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NC Dam in Danger of Overflowing, Evacuations Ordered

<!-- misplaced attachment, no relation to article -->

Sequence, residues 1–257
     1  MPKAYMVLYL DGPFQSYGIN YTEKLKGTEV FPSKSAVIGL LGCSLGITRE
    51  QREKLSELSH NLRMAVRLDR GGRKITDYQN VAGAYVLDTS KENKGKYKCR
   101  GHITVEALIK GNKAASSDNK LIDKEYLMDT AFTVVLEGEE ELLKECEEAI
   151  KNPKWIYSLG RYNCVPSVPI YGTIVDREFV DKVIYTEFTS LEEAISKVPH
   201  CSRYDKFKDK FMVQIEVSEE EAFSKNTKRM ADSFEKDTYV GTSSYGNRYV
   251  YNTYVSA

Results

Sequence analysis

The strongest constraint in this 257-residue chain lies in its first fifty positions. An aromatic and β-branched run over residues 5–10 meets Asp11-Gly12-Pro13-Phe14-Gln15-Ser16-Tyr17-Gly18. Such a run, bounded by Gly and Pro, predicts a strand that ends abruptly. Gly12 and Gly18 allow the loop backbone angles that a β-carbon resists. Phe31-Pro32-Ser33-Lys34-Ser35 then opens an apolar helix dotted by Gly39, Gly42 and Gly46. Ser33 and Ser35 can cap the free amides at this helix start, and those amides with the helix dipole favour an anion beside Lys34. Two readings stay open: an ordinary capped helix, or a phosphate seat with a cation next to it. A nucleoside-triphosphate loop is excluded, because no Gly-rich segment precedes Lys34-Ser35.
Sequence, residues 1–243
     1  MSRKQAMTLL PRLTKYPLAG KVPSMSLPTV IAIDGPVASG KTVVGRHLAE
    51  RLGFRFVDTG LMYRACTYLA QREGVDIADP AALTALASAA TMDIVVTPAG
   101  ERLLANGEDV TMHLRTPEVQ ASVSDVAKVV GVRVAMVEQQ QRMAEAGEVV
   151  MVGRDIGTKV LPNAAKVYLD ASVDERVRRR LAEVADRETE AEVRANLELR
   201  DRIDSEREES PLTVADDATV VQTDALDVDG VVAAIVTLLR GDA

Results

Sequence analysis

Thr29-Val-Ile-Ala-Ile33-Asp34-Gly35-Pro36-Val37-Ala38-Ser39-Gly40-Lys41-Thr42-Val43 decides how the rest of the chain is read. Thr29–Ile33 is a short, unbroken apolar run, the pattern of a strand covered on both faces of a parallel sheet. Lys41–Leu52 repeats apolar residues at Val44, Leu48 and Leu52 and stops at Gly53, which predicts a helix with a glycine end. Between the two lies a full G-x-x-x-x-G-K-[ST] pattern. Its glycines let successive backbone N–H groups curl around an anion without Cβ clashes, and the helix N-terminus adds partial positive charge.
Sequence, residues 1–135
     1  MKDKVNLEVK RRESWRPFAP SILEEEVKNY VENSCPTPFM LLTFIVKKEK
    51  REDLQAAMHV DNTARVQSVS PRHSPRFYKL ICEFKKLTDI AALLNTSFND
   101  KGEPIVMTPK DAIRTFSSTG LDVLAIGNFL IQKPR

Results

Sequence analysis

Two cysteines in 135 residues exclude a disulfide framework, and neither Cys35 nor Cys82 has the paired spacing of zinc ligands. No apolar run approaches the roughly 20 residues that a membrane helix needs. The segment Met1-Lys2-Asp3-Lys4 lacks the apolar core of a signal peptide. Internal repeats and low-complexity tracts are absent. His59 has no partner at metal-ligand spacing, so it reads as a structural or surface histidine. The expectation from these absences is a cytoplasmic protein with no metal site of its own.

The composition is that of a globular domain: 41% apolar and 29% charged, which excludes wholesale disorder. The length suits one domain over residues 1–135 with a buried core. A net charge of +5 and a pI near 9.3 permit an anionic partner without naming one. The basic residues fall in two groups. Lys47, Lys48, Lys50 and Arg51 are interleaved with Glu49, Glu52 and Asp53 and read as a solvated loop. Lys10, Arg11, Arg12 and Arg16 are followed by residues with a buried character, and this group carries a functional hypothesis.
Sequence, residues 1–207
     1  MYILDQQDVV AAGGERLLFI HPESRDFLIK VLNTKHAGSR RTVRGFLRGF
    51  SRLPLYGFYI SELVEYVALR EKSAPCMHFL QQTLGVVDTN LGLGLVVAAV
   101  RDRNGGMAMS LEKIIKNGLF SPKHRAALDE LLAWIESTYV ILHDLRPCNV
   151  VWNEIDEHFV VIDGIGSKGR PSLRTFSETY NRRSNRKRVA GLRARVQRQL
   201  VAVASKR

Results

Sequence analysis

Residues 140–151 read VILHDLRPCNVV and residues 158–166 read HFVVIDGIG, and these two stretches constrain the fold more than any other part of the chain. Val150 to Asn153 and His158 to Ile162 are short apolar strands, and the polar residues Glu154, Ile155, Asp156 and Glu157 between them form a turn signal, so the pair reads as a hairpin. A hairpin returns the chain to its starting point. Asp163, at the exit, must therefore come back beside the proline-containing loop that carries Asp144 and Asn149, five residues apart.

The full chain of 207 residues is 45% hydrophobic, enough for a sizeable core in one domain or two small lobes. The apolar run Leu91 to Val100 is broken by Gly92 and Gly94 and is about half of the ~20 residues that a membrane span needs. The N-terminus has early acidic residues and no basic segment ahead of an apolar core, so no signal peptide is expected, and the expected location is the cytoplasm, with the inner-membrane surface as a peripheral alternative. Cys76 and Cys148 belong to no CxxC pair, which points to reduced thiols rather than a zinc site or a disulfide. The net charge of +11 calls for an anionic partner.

The town manager of Hope Mills warned residents that Hope Mills Lake's water levels are rising quickly, and the dam won't hold if they receive a "catastrophic rain," The Fayetteville Observer reported. On Sept. 15, Town Manager Melissa P. Adams advised those living along the lake that they should temporarily move elsewhere if they can. "We strongly feel that action by you now is warranted,” Adams stated. “We suggest that if you have the ability to seek shelter elsewhere you should do so.” The people who should pay attention to the warning in particular are those who live near the lake—Main Street to Parkton Road and River Road, and anyone downstream. Adams wanted to reiterate that there was nothing wrong with the dam, only that its capacity to handle water is limited. “The dam is not going to hold back catastrophic floodwaters,” she said. “That doesn’t mean the dam has failed. It hasn’t failed.” A returning resident that was visiting Hope Mills said the water levels increased more quickly during Hurricane Matthew when there was no dam, The Fayetteville Observer reported. On Sept. 16, Mayor Jackie Warner felt relieved after the rain had stopped at 4 p.m. as the water levels in the dam stopped rising, for now. “Right now things are pretty stable,” Warner said. “Right now things are holding. The rains have stopped right now, so we’re in a good place.” Warner had made a 7:30 p.m. to 7 a.m. curfew for businesses and hopes they will follow it. People shopped along Main Street on Sept. 16, a street nearby the dam. Since a lot of dining places and restaurants have closed down, people have flooded the drive-through services. Some local residents stopped by the dam to record videos and take photos of the fast moving water. Although everything is currently stable, Warner fears that “some people don’t see the danger.” Residents went as far as fishing at the lake, which the dam is connected to, before the police turned them away and others wanted to put a small boat in the lake. Adams said that the normal water level for the dam is 8 feet, but on Sept. 15 it increased to 10 feet. Warner said that town officials will monitor the dam and hopes that it won't overflow.